Protected areas must be connected to save African elephants

The vast African savannas make up almost half of the continent and represent a habitat crucial for many species, incl African elephant (Loxodonta Africana) at risk extinction. This situation prompted the introduction of targeted protection measures and a recent study published on Scientific advanceshas produced promising results regarding the effectiveness of such measures in the Southern African region. It seems, in fact, that the effort devoted storage space they succeeded stop the decline population of African elephants in this specific area.

African savannas cover 13.5 million km2, of which 10% are protected and 2.2 million km2 (16%) supports elephants Africans around the world. However, it must be said that these territories also host half a billion people, which poses a high risk of conflict between human activities and wildlife. So the question spontaneously arises: How can elephants be protected? The key to ensuring their long-term survival, according to this recent study, lies in creating interconnected protected areas.

To reach this conclusion, a group of researchers conducted Analysis detailed by calculating growth rates over 100 populations elephants in southern Africa during this period between 1995 and 2020, who represent approximately 70% of all African elephants. In short, I Result research offers quite a perspective positive. Data suggests that currently the number of individuals is the same as 25 years ago. It’s a small but big victory for conservation, considering that there is currently a high rate of decline in biodiversity due to human activity.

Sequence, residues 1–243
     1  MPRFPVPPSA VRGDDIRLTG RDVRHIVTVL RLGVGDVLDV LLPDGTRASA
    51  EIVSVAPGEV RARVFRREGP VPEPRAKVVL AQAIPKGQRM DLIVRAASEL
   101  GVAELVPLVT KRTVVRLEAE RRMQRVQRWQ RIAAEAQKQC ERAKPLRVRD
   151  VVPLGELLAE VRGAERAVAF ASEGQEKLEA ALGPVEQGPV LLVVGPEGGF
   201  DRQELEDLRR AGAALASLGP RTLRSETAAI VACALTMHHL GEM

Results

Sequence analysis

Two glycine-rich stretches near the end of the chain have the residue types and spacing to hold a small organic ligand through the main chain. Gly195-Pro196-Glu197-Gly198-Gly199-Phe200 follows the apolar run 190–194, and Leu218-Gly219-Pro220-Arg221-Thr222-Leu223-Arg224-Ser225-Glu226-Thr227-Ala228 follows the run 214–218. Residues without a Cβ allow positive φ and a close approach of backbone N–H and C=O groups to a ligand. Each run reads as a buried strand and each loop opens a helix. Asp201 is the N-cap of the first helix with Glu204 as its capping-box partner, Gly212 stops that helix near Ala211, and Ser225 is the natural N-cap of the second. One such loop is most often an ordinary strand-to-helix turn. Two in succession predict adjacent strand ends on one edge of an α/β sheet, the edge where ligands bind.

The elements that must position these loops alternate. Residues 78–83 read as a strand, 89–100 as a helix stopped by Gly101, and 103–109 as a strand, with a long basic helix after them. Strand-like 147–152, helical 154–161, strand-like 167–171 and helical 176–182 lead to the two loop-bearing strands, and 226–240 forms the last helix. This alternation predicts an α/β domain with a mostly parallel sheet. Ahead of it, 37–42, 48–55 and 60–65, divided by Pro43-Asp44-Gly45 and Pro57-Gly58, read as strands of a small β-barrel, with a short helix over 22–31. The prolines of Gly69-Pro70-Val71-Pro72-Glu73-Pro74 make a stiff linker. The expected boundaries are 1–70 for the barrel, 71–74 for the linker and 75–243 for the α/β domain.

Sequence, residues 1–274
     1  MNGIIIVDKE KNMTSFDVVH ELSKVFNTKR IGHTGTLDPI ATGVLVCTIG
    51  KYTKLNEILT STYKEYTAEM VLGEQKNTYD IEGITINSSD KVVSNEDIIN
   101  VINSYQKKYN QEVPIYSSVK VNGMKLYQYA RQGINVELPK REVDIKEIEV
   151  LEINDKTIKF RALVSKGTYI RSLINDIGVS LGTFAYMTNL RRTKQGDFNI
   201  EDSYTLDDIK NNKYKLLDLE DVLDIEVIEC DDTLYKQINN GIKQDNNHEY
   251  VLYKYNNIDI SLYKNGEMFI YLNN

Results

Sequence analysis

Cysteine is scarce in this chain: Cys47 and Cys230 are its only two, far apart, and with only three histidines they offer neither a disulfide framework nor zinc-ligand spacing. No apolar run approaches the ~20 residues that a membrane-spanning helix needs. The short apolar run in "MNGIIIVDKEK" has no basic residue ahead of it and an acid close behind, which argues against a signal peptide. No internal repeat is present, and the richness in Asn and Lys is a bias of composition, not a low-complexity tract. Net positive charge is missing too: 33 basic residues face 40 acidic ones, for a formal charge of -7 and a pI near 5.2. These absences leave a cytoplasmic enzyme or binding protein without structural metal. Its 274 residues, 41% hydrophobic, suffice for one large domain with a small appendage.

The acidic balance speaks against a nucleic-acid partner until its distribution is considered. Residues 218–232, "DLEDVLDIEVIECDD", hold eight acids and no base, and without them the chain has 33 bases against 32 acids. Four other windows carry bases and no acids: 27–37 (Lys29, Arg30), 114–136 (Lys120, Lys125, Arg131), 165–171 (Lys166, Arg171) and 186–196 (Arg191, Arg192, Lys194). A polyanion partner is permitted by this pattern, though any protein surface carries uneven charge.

However, the situation is not uniform in each region examined. In some areas, such as southern Tanzania, eastern Zambia and northern Zimbabwe, elephant populations have declined sharply, mainly due to poaching for ivory. Conversely, those present in other regions such as northern Botswana are fortunately booming.


To get a clearer picture of the situation, scientists examined the characteristics population local to identify the factors that make them up stable, so it neither increases nor decreases. The team found that such populations live extensive central areas characterized by a high level of protection and minimal impact on humans, surrounded by “buffer zones” in which some sustainable activities such as agriculture and forestry are allowed.

In addition, the distinctive characteristic of these central areas is their own connections to other parks, a condition that allowed the safe movement of herds. They therefore found that what makes elephant populations stable is these ecological corridors which allow them to move. “Bumpers provide cover for elephants when the core population grows too large, but also provide escape routes when pachyderms face poor environmental conditions or other threats such as poaching,” the researchers explain.

In conclusion, these magnificent mammals need to be preserved make connections between the different areas they inhabit. This approach favors the establishment of a natural balanceminimizes conservation efforts. Populations that have more migration options are actually more robust and stable, a crucial factor given the uncertainties also associated with the effects of climate change. “Invitation to connect the parks it’s nothing newThere have been many voices in this regard,” Huang said. “However, surprisingly little concrete evidence of the effectiveness of this action has been published to date. This study helps quantify why this practice is so necessary.”

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